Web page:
By Pascal Durand MEP (RE, FR), Tilly Metz MEP (Greens/EFA, LU), Anja Hazekamp MEP (The Left, NL), Francisco Guerreiro MEP (Greens/EFA, PT), Maria Noichl MEP (S&D, DE)
There is no denying that these are hopeful times for animal welfare in the European Union. In 2021, we witnessed the unprecedented success of the European Citizens’ Initiative “End the Cage Age”, which prompted the European Commission to start planning the phasing out of cages across livestock farming systems.
We, the European Parliament, will be called upon to give our support to another ECI on animal welfare – this one pertaining to a Fur Free Europe. The purpose of this ECI, launched by Eurogroup for Animals along with 80 organisations and which has already collected more than 500,000 signatures in less than six months, is to accelerate the already ongoing demise of the outdated and inherently cruel European fur industry, with a ban on imports. As MEPs who have made animal welfare central to our work for many years, we wholeheartedly welcome this initiative.
The European Parliament represents the interests of EU citizens, and a large majority of citizens does not approve of fur farming. That is hardly surprising, if we consider that this industry relies on the exploitation of wild animals kept in cages. If this practice does not embody the concept of “unnecessary suffering” we do not know what does.
For those who are not acquainted with the way in which animals reared for the fashion industry are treated, we highly recommend watching SLAY, a global investigation that reveals the hard truth behind animal-derived garments. We had the opportunity to meet the director of the documentary and watch a partial screening during the meeting of the EP Intergroup on the Welfare and Conservation of Animals of 6 October in Strasbourg and we certainly won’t forget what we saw any time soon.
The use of wire cages to keep wild animals (foxes, mink, raccoon dogs) for fur production represents, in our view, a form of legalised cruelty that can no longer be tolerated, particularly in the light of the success of “End the Cage Age”.
But, even apart from the appalling treatment of animals, this industry has many other negative aspects: far from being sustainable, fur farms emit air and soil pollutants that are a source of concern for the communities living in the proximity of fur farms.
The accidental release into the wild of species initially imported to be bred for fur wreaked havoc on our native wildlife, threatening biodiversity. And, recently, we sadly discovered that mink kept on fur farms are carriers and potential amplifiers of zoonotic infectious diseases, including Sars-CoV-2. This is a worrying aspect that the EP formally recognised in its report on the Biodiversity strategy for 2030, stating that “ [...] fur production, which involves the confinement of thousands of undomesticated animals of a similar genotype in close proximity to one another under chronically stressful conditions, can significantly compromise animal welfare and increases their susceptibility to infectious diseases including zoonoses [...].”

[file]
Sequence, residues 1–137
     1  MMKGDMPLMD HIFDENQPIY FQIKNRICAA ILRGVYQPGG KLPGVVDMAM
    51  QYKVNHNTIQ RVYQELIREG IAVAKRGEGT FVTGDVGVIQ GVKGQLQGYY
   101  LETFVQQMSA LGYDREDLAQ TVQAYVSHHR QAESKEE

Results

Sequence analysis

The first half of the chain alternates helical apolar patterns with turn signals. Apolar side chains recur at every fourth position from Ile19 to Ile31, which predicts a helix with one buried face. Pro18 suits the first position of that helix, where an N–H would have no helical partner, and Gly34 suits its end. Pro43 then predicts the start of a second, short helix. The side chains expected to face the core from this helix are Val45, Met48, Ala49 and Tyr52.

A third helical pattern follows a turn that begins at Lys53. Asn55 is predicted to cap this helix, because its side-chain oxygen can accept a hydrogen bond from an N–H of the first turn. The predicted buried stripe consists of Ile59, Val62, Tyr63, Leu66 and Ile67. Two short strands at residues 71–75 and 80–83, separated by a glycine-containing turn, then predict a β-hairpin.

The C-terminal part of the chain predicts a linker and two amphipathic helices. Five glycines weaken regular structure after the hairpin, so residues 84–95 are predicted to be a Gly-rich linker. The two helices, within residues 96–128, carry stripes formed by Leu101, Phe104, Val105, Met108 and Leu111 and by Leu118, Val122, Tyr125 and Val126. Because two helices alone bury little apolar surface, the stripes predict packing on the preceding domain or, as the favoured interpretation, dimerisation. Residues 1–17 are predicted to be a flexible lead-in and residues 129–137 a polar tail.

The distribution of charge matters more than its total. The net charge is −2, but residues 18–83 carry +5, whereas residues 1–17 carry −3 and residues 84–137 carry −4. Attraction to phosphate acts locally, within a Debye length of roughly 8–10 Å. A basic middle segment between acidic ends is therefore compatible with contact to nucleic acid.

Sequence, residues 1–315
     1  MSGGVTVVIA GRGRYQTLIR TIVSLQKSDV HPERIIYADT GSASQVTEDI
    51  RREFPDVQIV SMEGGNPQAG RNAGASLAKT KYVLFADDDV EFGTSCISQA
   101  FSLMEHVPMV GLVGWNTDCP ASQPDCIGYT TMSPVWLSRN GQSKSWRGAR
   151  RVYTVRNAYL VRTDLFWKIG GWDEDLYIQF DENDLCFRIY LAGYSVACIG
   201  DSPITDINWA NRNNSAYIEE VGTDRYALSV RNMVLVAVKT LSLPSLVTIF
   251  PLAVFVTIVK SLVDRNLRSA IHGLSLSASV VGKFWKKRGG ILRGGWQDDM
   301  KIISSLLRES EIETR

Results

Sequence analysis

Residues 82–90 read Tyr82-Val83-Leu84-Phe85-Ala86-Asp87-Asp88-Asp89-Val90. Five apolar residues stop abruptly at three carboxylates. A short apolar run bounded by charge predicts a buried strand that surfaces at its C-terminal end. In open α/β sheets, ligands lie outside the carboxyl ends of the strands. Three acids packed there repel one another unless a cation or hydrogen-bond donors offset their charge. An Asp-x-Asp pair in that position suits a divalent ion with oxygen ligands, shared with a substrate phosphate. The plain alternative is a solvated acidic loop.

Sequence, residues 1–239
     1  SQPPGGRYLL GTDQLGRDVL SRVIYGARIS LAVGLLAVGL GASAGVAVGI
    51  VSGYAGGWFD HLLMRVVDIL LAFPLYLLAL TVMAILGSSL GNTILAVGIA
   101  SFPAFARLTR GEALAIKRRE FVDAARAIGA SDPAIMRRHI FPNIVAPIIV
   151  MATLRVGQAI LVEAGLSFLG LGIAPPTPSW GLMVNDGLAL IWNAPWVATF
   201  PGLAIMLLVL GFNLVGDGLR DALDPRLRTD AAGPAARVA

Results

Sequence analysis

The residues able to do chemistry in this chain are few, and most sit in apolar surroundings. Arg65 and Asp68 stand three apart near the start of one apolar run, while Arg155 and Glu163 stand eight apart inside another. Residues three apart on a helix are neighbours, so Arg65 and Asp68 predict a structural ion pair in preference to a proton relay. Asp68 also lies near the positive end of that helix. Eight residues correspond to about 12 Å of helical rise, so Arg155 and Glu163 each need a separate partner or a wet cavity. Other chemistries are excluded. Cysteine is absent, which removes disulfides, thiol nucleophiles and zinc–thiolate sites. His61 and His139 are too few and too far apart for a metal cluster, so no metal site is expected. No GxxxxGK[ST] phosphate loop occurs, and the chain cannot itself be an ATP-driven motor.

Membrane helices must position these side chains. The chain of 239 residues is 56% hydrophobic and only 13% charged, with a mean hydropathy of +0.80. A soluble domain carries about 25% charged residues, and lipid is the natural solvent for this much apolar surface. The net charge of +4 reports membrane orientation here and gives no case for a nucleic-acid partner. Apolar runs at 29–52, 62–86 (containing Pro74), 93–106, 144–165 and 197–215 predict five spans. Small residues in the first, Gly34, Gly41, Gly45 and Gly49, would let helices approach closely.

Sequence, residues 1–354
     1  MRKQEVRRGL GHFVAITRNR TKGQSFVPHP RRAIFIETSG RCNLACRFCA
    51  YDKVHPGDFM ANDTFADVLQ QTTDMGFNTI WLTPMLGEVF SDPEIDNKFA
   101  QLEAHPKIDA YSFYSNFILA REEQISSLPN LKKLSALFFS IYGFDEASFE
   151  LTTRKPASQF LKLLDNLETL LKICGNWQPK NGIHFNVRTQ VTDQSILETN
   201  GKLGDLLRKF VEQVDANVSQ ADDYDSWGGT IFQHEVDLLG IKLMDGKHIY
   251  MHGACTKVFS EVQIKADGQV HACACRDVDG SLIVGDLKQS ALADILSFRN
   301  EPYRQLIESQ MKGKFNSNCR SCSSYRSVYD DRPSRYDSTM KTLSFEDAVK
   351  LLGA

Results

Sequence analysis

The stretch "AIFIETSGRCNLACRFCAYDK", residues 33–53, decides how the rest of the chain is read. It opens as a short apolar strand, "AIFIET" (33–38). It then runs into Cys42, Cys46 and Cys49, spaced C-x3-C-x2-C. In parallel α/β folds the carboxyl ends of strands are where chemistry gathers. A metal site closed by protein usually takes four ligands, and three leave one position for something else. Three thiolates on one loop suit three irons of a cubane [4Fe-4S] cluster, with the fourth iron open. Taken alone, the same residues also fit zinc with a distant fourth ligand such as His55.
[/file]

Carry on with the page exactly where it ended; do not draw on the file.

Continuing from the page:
If we apply the principles of the One Health approach, it is unlikely that we would find any reason to keep this industry alive. Particularly as its profits are steadily declining, with many international fashion brands having already turned their backs on the use of fur for their garments.
Is the fur industry worth defending in the face of all this? The answer is, most definitely, no. Many Member States already introduced restrictions or outright bans on rearing animals for fur and more are likely to follow suit. These voices were echoed in the Council last year when twelve Member States supported a full ban on fur farming on the grounds of animal welfare, public health and ethical considerations.
Indeed we firmly believe that a full ban on fur production, which relies exclusively on the use of cages, is the only option for the European Commission, now that preparations are underway to phase out cages from livestock farming.
Of course, the Commission could be even more ambitious: we are keen supporters of the proposal of using mirror clauses in trade agreements to apply European animal welfare standards to imported products. Such an approach would strengthen the case for a ban on the import and sale of farmed fur products on the European market.
A ban on fur production and imports would ripple worldwide and mark the beginning of a true paradigm shift towards a more sustainable, ethical and animal-friendly world. For this reason, we warmly encourage our honourable fellow MEPs to take citizens’ voices seriously and to support this new ECI, as a strong stance for a Fur Free Europe.